For the TAT, where participants narrated their stories after having viewed the scene for 8 s, participants were excluded if their overall fixation count on a given image was < 5 and total fixation duration was < 4 s (i.e., gaze data unreliable for more than half of the 8 s stimulus presentation). These criteria resulted in exclusion of Images 1 (“Violin”) and 3 (“Window”) from group comparison analyses for the ASD and ASD control groups, given that proportions of participants with valid data differed significantly (Image 1 “Violin” 49% ASD vs. 87% control, z = 2.94, p < 0.01; Image 3 “Window” 54% ASD vs. 82% control, z = 2.15, p < 0.05). No significant group differences emerged in the proportion of participants with valid data for the remaining four TAT images. Overall, the following number of individuals were excluded (range is presented to address different Ns for each TAT image): 11–16 (30–43%) of individuals with ASD, 4–12 (11–32%) of ASD controls, 27–33 (23–31%) of parents of individuals with ASD, and 5–12 (8–24%) of parent controls.
In addition to accounting for track loss, and consistent with prior research (Anderson et al. 2006) each AOI was proportionally expanded by up to 10% based on its original size to create a conservative “buffer,” where when AOIs overlapped fixations were assigned to the AOI with greater social relevance (e.g., faces > bodies) to limit the possibility that errors in gaze detection might contribute to hypothesized group differences in visual attention.

Analysis Plan

Group Differences

Narrative analyses For these hypothesis driven analyses, two multivariate analyses of variance (MANOVAs) were conducted for both ASD and control and ASD parent and control parent groups. MANOVAs for individual TAT images were followed with univariate tests if the overall mean LSA for all six images combined was significant. The PB task contained only one outcome variable and was therefore not followed up with univariate comparisons. Eta squared effect sizes are additionally reported (0.01 = small, 0.06 = medium, 0.14 = large).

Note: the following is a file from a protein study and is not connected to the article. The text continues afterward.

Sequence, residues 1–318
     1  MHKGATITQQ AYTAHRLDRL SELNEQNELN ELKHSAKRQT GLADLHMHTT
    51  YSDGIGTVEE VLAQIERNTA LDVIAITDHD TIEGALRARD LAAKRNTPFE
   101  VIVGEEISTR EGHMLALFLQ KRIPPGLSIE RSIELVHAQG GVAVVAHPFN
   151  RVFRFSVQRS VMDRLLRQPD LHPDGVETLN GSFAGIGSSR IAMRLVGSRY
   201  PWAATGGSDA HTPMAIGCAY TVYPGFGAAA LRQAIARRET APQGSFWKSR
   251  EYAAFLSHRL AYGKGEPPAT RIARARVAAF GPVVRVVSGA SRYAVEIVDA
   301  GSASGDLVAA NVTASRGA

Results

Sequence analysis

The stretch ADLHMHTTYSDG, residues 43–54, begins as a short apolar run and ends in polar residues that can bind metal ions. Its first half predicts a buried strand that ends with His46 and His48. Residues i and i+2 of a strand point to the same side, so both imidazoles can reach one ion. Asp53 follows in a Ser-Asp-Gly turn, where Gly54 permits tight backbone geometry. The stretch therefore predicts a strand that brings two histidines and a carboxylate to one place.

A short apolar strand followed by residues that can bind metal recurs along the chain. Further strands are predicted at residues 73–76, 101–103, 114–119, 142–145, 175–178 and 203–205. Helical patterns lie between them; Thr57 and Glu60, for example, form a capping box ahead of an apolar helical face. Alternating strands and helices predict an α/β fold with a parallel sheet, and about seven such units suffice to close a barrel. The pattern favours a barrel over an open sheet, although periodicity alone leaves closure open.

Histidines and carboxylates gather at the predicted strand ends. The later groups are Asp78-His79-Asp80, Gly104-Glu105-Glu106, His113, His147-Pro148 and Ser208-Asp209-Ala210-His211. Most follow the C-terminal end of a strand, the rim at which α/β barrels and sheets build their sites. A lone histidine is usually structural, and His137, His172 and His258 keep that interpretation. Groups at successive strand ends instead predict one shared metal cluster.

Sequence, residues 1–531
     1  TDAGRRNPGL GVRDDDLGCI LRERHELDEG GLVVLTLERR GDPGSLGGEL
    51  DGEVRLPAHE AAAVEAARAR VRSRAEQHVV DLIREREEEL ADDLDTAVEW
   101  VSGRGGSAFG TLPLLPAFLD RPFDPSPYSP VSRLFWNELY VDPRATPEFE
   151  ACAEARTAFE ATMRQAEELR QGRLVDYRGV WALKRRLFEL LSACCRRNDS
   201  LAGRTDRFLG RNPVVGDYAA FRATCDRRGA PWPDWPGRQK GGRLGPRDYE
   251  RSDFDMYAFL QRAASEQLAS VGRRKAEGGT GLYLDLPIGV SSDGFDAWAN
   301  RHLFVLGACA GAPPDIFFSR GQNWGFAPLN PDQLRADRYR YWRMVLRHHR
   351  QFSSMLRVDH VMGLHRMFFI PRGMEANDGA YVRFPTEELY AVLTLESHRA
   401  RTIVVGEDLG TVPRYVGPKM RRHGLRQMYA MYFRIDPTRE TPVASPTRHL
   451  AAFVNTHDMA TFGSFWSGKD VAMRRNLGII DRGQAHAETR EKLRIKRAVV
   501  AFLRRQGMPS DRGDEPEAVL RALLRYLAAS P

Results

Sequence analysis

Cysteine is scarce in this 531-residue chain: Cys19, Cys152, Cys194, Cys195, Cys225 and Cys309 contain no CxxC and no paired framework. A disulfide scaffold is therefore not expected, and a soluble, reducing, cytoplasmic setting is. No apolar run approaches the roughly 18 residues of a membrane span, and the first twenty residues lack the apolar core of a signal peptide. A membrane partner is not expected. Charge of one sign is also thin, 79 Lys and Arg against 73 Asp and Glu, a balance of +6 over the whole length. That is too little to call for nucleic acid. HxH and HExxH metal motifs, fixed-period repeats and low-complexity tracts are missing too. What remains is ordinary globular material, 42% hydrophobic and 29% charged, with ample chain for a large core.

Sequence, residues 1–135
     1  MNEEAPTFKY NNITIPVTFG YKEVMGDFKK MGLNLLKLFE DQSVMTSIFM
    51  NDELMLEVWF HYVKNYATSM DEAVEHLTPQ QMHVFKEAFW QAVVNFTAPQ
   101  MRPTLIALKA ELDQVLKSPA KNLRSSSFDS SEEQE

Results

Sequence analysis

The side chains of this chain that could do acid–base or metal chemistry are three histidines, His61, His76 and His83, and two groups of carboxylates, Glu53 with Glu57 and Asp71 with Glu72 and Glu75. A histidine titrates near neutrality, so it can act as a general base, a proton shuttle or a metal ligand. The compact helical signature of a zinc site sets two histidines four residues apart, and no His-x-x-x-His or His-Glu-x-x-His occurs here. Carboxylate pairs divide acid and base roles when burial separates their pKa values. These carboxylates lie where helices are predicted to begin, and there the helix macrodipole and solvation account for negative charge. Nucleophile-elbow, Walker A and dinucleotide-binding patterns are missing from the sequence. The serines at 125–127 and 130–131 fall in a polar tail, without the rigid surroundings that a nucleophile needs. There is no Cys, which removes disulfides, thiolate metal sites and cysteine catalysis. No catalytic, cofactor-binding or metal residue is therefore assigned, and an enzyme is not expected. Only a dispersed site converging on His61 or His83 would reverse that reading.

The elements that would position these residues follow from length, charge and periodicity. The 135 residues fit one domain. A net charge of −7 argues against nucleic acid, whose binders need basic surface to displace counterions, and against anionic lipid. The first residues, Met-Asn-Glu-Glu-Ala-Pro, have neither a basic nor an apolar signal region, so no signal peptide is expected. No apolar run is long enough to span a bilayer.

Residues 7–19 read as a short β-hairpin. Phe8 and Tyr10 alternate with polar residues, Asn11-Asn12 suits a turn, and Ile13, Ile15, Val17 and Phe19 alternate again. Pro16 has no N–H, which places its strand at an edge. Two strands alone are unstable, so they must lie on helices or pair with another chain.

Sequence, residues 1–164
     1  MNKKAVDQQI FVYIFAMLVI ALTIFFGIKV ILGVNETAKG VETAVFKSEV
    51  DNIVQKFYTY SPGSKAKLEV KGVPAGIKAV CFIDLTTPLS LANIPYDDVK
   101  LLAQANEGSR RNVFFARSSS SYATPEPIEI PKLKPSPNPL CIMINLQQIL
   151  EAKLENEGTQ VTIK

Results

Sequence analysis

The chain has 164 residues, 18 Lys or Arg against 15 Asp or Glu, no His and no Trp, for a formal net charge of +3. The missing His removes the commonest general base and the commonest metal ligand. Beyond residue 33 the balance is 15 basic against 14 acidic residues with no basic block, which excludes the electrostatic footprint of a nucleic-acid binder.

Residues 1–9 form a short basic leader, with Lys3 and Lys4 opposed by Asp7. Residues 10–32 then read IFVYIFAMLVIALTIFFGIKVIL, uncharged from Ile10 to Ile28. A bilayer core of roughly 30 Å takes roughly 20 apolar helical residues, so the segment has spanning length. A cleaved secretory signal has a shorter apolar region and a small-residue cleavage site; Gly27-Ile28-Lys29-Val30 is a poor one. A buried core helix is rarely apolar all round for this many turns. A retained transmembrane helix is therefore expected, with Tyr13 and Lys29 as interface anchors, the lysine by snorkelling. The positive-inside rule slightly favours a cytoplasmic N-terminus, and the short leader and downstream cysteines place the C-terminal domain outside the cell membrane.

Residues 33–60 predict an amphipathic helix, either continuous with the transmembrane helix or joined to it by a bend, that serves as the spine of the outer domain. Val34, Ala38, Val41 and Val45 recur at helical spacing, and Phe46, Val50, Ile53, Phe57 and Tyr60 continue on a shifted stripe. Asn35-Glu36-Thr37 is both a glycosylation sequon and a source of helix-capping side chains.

Gaze analyses Given the exploratory nature of gaze analyses for both the PB and TAT task, two-tailed t-tests for each gaze variable (proportion of total fixations and total viewing time to AOIs) were conducted for individuals with ASD, parents, and respective control groups, as well as to examine effects of BAP status. In addition to comparing average performance, each TAT Image (1–6) was examined separately given that images varied in the prominence of AOI and content, and to determine how different stimuli might contribute to overall patterns. Degrees of freedom were corrected to account for non-equality of variances. We additionally adjusted for multiple comparisons using the Benjamini–Hochberg procedure (Benjamini and Hochberg 1995) with a false discovery rate set at 0.1 to account for potentially missing important effects, and report Benjamini–Hochberg corrected p-values for all exploratory analyses.
Relationships between gaze and narrative Exploratory Pearson correlations were conducted to examine relationships between narrative quality and visual attention metrics within each group. Significance level was set at p < 0.05. For exploratory gaze and association analyses, we also report effect sizes using Cohen’s d for findings with small to medium or medium to large effect sizes of 0.35 and higher. As in gaze group comparisons, Benjamin-Hochberg adjusted p-values are also reported.
Parent–child correlations To examine potential familiality of narrative ability in ASD, we applied exploratory Pearson correlations among the parent–child dyads. We examined parent–child correlations for narrative quality only (LSA) for the PB task and for the six TAT images and overall between dyads. Benjamini–Hochberg adjusted p-values were also examined to consider false discovery rates, given the exploratory nature of these analyses.


Narrative Differences Across Groups and Contexts

In the PB task, the ASD group demonstrated a small difference from controls (i.e., mean difference = 0.03) of small-to-medium effect in the ASD group F(1,71) = 2.24, p = 0.14, η 2 = 0.03), with no differences from controls observed in the ASD parent group F(1,204) = 0.01, p = 0.91, η 2 < 0.0001). However, both individuals with ASD and the ASD parent group showed significant differences in narrative quality in the TAT task [F(1,67) = 18.59, p < 0.0001, η 2 = 0.22 and F(1,208) = 7.17, p < 0.01, η 2 = 0.03), respectively]. Individuals with ASD produced lower quality narratives in the TAT overall, and follow up analyses of individual images showed lower narrative quality in the ASD group in all but one of the six TAT images and in three of the TAT images for parents of individuals with ASD (see Table  3 for group means across narrative tasks). No effects of the BAP were observed. Figure  2 presents narrative results from the PB and an exemplar image in which both individuals with ASD and parents showed differences in the “Farmland” scene (Image 2). Examples of high and low quality narratives from the ASD and parent groups and their respective controls are presented in Tables  4 and 5, respectively.
Table 3
Narrative differences across groups
ASD group, M (SD)
ASD control group, M (SD)
Significance testing, F/ η 2